2. Joseph Campbell said the word religion came from the latin religio, meaning to link back. I imagine that to mean that we want to feel that we belong, are needfully connected to and accepted by family, community, the universe, whatever all powerful, connecting make it right deity feels good. And whatever construct connects you to these things can be explained by whatever belief one subscribes to. To call that spiritual is to layer it with something invisible and explainable only through believing that construct.

    Because we are endowed with and experience being through consciousness we imagine another consciousness that does the magic. Consciousness can restrict or share freely with whatever you can imagine has it. Most of us cling to a god that is conscious. But we're limited by our own imagination. The pagan in me is willing to accept that a tree or a rock or the entirety of the universe are conscious. Maybe what zennies call Buddha nature applies. Does a tree have buddha nature? They appear to be engaged in a deep experience of zazen, or so I might interpret.

    But we are taught to endeavor to “be here now”. Here in the world, in a body, perceived through a mind associated with that body, and no apparent invisible/spiritual anything present. I've been reminded that there's no mystery in chopping wood and toting water. And i've been told that we can't fall out of the universe. And that seemed to satisfy any hunger for the metaphysical for me. The pagan tome was nature, that if seen in nature a thing could be believed, considered reliable. Mind may be part of nature, but whatever that mind might imagine perhaps less so. To believe something outside of nature seems a place to apply doubt ruthlessly. Invisible/spiritual stuff seems pretty doubtable. Consciousness appears dependable, but if you can't talk to it, you'll have to imagine it's side of the story, and again, doubt applies.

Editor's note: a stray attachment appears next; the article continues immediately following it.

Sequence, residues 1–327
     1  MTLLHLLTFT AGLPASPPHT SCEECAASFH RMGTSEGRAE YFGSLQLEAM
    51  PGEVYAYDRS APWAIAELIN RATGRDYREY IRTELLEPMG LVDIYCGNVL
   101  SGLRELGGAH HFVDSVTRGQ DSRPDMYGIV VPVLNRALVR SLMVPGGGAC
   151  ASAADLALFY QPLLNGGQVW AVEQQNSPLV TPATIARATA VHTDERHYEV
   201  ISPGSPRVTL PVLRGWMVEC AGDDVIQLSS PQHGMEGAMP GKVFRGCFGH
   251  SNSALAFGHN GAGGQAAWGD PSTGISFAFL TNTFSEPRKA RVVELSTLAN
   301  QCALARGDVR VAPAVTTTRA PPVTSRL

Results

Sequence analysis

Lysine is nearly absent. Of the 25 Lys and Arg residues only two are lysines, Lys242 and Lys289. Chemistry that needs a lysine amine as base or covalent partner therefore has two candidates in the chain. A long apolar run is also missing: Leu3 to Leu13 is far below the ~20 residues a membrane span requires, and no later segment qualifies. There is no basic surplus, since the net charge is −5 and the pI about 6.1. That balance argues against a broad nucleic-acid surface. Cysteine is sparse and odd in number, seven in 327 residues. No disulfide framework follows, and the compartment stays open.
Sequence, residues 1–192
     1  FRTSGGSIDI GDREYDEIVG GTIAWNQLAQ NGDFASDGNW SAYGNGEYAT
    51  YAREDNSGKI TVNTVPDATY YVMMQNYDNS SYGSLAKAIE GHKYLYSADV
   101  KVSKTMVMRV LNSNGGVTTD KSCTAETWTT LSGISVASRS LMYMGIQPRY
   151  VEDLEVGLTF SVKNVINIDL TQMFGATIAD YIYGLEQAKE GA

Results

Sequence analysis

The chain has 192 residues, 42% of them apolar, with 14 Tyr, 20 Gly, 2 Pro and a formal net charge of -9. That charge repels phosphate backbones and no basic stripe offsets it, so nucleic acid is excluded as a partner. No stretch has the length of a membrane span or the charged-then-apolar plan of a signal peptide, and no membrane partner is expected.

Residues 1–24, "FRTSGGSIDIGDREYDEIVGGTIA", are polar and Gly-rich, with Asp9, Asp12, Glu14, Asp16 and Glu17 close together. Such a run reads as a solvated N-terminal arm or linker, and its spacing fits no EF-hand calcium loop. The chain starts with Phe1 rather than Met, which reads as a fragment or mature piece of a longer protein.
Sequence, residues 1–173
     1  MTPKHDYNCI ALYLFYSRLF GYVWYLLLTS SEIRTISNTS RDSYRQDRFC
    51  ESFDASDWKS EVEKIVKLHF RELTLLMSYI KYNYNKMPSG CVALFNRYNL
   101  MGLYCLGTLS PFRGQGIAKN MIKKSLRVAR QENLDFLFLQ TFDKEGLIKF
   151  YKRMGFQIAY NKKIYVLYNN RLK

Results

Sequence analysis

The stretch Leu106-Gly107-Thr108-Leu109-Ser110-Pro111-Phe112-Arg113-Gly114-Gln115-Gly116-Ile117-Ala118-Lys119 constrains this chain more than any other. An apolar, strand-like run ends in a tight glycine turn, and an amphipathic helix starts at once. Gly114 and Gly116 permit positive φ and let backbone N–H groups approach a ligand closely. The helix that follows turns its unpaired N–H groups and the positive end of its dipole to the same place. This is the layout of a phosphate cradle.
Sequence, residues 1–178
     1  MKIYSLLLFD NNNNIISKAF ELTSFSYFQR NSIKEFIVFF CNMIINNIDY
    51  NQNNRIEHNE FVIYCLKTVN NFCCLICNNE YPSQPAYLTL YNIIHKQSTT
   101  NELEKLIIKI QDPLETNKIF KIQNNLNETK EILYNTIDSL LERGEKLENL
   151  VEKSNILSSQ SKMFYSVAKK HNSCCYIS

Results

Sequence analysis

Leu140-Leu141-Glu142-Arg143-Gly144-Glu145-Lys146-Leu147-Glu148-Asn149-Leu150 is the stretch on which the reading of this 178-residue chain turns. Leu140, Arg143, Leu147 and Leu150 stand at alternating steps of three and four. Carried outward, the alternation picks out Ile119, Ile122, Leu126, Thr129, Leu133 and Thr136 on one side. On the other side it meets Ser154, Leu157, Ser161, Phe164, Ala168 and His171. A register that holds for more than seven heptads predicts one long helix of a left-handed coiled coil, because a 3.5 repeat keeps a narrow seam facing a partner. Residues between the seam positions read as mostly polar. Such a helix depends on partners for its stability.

Buddhism seems blithely lumped in with the spiritual, but I doubt it applies.

  3. Not having answers is a core teaching of Buddhism. Of course, what do most Buddhists do? Create a hierarchy of Roshis, Senseis, lamas, and Tulkus that are supposed to have answers.

    After 10 years of Zen practice, I realized that the term "Zen Teacher" is an oxymoron, despite all of them.